Shuffle a given array of elements (Fisher–Yates shuffle)

Given an array of integers, in-place shuffle it. The algorithm should produce an unbiased permutation i.e. every permutation is equally likely.


 

Fisher–Yates shuffle is used to generate random permutations. It takes time proportional to the number of items being shuffled and shuffles them in place. At each iteration, the algorithm swaps the element with one chosen at random amongst all remaining unvisited elements, including the element itself. Below is complete algorithm –


— To shuffle an array a of n elements :
for i from n-1 downto 1 do
    j = random integer such that 0 <= j <= i

    exchange a[j] and a[i]

C

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Java

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The time complexity of above solution is O(n) and auxiliary space used by the program is O(1).

 
An equivalent version which shuffles the array in the opposite direction (from lowest index to highest) is:


— To shuffle an array a of n elements :
for i from 0 to n-2 do
    j = random integer such that i <= j < n

    exchange a[i] and a[j]

C

Download   Run Code

Java

Download   Run Code

 
The time complexity of above solution is O(n) and auxiliary space used by the program is O(1).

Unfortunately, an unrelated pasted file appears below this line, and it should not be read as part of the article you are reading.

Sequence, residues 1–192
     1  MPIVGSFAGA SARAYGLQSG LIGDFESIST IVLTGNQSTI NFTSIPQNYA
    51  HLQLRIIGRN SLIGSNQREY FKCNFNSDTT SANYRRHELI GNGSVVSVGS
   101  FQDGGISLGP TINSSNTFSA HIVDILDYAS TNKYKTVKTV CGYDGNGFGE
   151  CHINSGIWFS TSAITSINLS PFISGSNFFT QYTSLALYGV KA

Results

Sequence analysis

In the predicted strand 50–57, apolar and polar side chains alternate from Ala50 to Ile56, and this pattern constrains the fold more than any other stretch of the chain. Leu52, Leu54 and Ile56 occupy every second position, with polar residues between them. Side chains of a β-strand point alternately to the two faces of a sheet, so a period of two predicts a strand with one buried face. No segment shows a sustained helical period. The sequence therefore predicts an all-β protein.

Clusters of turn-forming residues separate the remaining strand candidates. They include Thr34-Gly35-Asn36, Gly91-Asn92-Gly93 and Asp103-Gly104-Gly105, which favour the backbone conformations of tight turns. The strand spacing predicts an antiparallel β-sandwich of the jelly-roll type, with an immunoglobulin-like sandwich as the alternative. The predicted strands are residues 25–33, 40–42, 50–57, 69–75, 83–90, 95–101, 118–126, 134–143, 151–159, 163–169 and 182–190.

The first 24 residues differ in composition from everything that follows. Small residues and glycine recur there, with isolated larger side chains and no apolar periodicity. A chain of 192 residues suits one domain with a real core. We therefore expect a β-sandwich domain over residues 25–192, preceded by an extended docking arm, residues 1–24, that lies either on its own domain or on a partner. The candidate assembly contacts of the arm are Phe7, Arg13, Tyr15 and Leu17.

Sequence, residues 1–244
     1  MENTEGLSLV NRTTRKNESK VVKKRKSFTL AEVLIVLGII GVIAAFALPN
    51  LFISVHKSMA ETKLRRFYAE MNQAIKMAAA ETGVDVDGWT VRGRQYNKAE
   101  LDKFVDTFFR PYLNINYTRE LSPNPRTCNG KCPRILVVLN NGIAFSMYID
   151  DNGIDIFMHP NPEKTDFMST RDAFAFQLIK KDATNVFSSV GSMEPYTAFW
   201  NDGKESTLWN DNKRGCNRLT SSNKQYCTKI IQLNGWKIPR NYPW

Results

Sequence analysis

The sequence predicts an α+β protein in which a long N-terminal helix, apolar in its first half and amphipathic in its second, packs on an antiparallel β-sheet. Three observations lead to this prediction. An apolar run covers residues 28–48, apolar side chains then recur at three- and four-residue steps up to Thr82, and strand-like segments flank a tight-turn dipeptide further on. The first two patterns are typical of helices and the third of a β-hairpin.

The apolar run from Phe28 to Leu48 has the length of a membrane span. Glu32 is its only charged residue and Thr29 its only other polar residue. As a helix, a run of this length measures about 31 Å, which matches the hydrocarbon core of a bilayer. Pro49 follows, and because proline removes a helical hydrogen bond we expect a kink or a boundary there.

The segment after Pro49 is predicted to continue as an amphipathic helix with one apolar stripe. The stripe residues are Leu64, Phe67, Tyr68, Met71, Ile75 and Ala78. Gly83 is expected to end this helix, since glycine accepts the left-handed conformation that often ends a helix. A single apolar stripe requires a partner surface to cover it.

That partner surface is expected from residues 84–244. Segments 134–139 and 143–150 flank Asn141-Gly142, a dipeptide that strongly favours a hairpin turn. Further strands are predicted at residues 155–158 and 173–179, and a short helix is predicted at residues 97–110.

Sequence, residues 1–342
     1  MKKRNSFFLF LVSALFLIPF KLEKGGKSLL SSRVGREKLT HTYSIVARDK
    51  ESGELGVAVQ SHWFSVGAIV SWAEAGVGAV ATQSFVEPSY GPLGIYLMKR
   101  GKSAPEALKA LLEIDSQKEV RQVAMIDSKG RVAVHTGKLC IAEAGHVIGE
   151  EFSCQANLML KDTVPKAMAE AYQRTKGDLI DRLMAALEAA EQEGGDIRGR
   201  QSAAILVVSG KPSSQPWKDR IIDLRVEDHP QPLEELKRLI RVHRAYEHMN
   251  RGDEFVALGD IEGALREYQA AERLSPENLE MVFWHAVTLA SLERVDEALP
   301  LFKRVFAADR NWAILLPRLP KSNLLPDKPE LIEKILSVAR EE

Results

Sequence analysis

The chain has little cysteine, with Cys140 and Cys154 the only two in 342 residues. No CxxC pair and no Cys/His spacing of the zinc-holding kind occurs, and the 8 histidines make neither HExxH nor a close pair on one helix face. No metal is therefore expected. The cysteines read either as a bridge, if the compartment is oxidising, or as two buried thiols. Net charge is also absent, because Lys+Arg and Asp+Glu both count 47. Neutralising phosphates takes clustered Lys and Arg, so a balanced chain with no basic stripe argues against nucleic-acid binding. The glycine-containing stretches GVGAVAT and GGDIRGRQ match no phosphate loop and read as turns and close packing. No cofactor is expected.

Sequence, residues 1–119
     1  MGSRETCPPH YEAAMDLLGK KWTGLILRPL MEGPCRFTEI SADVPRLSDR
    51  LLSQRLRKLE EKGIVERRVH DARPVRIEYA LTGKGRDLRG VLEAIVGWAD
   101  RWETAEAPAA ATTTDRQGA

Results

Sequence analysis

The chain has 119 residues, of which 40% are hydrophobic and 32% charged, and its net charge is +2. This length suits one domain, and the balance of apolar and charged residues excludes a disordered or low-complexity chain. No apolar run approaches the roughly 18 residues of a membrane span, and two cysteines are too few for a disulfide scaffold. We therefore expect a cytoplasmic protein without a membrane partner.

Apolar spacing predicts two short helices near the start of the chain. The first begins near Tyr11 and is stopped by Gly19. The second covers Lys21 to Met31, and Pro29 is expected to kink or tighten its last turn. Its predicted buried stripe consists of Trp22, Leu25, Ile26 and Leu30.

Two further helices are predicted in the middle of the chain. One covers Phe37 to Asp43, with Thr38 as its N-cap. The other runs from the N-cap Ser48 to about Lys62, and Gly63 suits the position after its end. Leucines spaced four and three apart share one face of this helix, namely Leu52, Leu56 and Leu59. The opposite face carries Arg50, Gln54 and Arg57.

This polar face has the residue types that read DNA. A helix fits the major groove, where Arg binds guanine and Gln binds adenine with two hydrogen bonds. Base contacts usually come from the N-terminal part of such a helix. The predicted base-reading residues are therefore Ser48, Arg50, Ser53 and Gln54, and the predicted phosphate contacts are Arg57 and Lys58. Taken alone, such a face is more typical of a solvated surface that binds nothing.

Exercise:

Modify the code to generate random cyclic permutations of length n instead of random permutations (Sattolo’s algorithm).

 
Reference: https://en.wikipedia.org/wiki/Fisher%E2%80%93Yates_shuffle

 
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Ricky Seltzer
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Ricky Seltzer

The Fisher-Yates algorithm is not often practical, although it may do in a pinch.

Any method that depends on a rand() function or something similar (a PRNG) is not sufficient and cannot, with current hardware, meet the requirement that “Every permutation is equally likely”.

As an example take the task of shuffling a deck of cards for a computer game, possibly online, and possibly involving real money:

The number of permutations of a deck of cards is much greater than the number of permutations generated by a rand() function with a 64-bit seed.

Each 64-bit seed generates a unique permutation of the deck, so there are 2**64 permutations.

The number of permutations of a deck with 52 cards is 52!. This is almost 10**68.

52! is greater than 2**64 by a factor greater than 10**46. So the vast overwhelming number of permutations could never be generated.

If however, the machine had a word size of 226 bits, so that the rand() function would generate a number of distinct permutations greater than 52!, then the Fisher-Yates algorithm would work. In other words,
2**226 > 52!

Of course, a bignum package could also work around the difficulty at less cost.

John
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John

Technically this can only satisfy the requirement of uniform selection from all possible permutations for arrays of size 21 or fewer, and probably much fewer. This is because the seed space has only 2^64 possible values, and 22! > 2^64.

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